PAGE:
The Union Steamship Company ordered the MV Tofua from William Denny & Brothers, Dumbarton for their South Pacific routes. Although not realised at the time the Tofua would be the last Union Steamship passenger/cargo ship to be built for their South Pacific service.
The Tofua was launched on May 22nd 1951 and after fitting out and sea trials she made the long voyage to New Zealand for delivery to her owners - the Union Steamship Company. The Tofua was the second of the company's ships to bear this name. The original had been built in 1908, also by Denny's and had served Union Steamship until 1932. Tofua is in Tonga's Ha'apai island group and is a small caldera rising above the Pacific Ocean. It was near Tofua that Captain William Bligh was removed from the Bounty and commenced the famous 41 day voyage to Timor in an open launch, navigating with only a sextant and pocket watch.
In service the ship worked a circular route starting and ending at Auckland, New Zealand and visiting Suva (Fiji), Nukualofa, Vava'u (Tonga) Niune Island, Pago Pago (American Samoa), Apia (previously British Samoa), Suva (Fiji) then back to Auckland. Thirteen trips could be made each year, barring any unusual circumstances. This service provided by the Tofua and similar vessels was frequently the only regular contact with the smaller islands such as Niue. Other destinations were visited as cargo shipments dictated. The Tofua joined the 1936 built Matua on these services. The Matua was also British built, by Armstrong Whitworth of Newcastle and was powered by Armstrong-Sulzer engines! The passenger arrangements on the Tofua were an improvement on the Matua's, with a spacious lounge and smoking room on the Promenade deck and a dining room that was well spoken of. The ship was not air-conditioned, but relied on the efficient Punkah Louvre forced drought ventilation system to cool the internal spaces. Single, double & three berth cabins were provided. In addition to the regular passenger accommodation the ship could carry up to 200 passengers on short inter-island passages. These passengers were housed on the deck under tents and were required to bring their own bedding and food for the duration of the trip.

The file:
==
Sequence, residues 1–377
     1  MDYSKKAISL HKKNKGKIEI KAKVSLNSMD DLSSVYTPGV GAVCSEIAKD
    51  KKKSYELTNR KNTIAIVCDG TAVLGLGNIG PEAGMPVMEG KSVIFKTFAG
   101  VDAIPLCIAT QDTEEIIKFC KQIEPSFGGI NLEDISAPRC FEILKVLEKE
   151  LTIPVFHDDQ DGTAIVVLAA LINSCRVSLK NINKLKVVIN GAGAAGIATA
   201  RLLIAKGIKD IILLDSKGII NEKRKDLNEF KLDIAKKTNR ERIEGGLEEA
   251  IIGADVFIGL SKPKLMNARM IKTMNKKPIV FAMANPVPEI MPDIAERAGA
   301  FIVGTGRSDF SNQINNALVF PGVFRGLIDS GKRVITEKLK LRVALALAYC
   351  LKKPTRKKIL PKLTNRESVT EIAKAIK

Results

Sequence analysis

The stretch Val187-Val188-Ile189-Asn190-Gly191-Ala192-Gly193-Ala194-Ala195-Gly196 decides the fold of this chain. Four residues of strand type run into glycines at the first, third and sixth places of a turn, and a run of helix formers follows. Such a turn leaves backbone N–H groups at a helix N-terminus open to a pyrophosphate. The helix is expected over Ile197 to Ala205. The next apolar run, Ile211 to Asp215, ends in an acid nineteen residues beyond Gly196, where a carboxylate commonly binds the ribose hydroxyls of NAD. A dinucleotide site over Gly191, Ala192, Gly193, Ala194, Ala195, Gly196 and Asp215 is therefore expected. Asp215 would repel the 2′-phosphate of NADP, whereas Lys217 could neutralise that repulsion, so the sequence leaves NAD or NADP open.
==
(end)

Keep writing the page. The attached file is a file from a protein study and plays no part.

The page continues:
Cargo space comprised of five holds and t’ween decks to handle general, cooled and refrigerated cargoes, a major cargo for the Tofua was the local fruit produce of the islands, including bananas, oranges, pineapples and copra, to name but a few. During December 1952 she carried a record 32,269 cases of bananas to Auckland.
The maiden voyage for the Tofua commenced on December 21st 1951 under the command of Captain N.H. Pearson, sailing from Auckland to Suva, Lautoka, Suva, Nuku'alofa, Vavau, Pago Pago, Apia, and Suva.
Durings its lifetime the Tofua provided hydrologic observations in the waters bounded by New Zealand, New Caledonia & Western Samoa, which included the Tropical Convergence phenomenon.
An important occasion in the history of the Tofua occurred during 1967, the coronation year for King Taufa'ahau Tupou IV of Tonga. The Tofua would be the last ship into Nuku'alofa from Auckland before the coronation so it was carrying cargoes critical to the coronation festivities and of great importance that the ship arrived on time. The unusual cargoes on this trip included four large white pigs, contained in crates, being a gift from the government of New Zealand. Coming aboard at Suva and bound for Niue were twenty calves and goats! Livestock could only be accommodated on the foredeck and with a full load of deck passengers headed for the coronation it became a challenge to ensure the best conditions were provided for all the ship's passengers, crew and livestock. At all the important stops except Pago Pago the pigs were temporarily transferred to the quay for a good clean-up before being returned to the Tofua.
In 1973, after twenty two years of service the MV Tofua was put up for sale, her time with Union Steamship was over. She was purchased by Cheung Ming & Co of Hong Kong (registered owner, Khymer Shipping Co, Panama) who renamed her MV Tack Tai. She operated in Asia for another two years, but was sold during July 1975 for scrap, being broken up at Shanghai.
With the retirementment of the Tofua and the Matua a way of life disappeared into the history books as they were not replaced. Time had marched on with commercial air service and containerisation of cargo taking away the bread and butter of these vessels.
Built: William Denny and Brothers of Dumbarton, yard No. 1447
Launched: May 22nd 1951
Tonnage: 5,299 GRT
Length: 391 feet
Breadth: 55 feet
Draught: 21 feet 7 inches
Propulsion: Two x 7-cylinder Sulzer Brothers diesels, 6,800 bhp
Speed: 14.5 knots
Passengers: 73, one class
Sailing memories from Captain George P Clarke
Reuben Goossens site ssmaritime.com
Page added September 16th 2010
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